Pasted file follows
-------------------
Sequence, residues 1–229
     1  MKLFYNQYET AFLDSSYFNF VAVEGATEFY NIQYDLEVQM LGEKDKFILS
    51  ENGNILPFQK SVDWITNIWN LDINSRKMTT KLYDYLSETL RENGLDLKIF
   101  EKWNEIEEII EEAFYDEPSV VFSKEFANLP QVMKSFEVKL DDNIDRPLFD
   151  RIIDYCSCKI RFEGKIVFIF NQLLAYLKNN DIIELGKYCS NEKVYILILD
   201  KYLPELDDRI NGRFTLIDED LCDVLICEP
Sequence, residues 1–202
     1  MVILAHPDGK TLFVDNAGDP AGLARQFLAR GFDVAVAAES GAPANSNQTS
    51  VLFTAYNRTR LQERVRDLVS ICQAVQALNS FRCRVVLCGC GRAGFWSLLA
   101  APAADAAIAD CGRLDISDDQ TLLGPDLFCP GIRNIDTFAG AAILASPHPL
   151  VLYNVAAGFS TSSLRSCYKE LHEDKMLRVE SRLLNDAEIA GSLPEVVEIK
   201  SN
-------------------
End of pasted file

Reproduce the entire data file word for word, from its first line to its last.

Sequence, residues 1–229
     1  MKLFYNQYET AFLDSSYFNF VAVEGATEFY NIQYDLEVQM LGEKDKFILS
    51  ENGNILPFQK SVDWITNIWN LDINSRKMTT KLYDYLSETL RENGLDLKIF
   101  EKWNEIEEII EEAFYDEPSV VFSKEFANLP QVMKSFEVKL DDNIDRPLFD
   151  RIIDYCSCKI RFEGKIVFIF NQLLAYLKNN DIIELGKYCS NEKVYILILD
   201  KYLPELDDRI NGRFTLIDED LCDVLICEP
Sequence, residues 1–202
     1  MVILAHPDGK TLFVDNAGDP AGLARQFLAR GFDVAVAAES GAPANSNQTS
    51  VLFTAYNRTR LQERVRDLVS ICQAVQALNS FRCRVVLCGC GRAGFWSLLA
   101  APAADAAIAD CGRLDISDDQ TLLGPDLFCP GIRNIDTFAG AAILASPHPL
   151  VLYNVAAGFS TSSLRSCYKE LHEDKMLRVE SRLLNDAEIA GSLPEVVEIK
   201  SN